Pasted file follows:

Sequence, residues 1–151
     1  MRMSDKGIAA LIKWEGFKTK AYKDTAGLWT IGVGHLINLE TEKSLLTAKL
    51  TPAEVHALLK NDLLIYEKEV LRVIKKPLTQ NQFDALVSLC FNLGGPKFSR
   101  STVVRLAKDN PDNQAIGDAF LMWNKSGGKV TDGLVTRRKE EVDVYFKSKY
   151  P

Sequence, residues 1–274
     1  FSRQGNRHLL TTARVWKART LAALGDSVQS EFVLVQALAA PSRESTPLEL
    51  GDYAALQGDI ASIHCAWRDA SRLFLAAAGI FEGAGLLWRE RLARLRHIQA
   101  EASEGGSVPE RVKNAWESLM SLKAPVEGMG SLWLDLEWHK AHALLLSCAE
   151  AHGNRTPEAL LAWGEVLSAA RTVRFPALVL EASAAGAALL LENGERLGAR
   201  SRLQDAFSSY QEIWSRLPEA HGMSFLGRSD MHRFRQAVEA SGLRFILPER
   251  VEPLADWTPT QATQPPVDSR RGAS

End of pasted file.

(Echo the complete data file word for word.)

Sequence, residues 1–151
     1  MRMSDKGIAA LIKWEGFKTK AYKDTAGLWT IGVGHLINLE TEKSLLTAKL
    51  TPAEVHALLK NDLLIYEKEV LRVIKKPLTQ NQFDALVSLC FNLGGPKFSR
   101  STVVRLAKDN PDNQAIGDAF LMWNKSGGKV TDGLVTRRKE EVDVYFKSKY
   151  P

Sequence, residues 1–274
     1  FSRQGNRHLL TTARVWKART LAALGDSVQS EFVLVQALAA PSRESTPLEL
    51  GDYAALQGDI ASIHCAWRDA SRLFLAAAGI FEGAGLLWRE RLARLRHIQA
   101  EASEGGSVPE RVKNAWESLM SLKAPVEGMG SLWLDLEWHK AHALLLSCAE
   151  AHGNRTPEAL LAWGEVLSAA RTVRFPALVL EASAAGAALL LENGERLGAR
   201  SRLQDAFSSY QEIWSRLPEA HGMSFLGRSD MHRFRQAVEA SGLRFILPER
   251  VEPLADWTPT QATQPPVDSR RGAS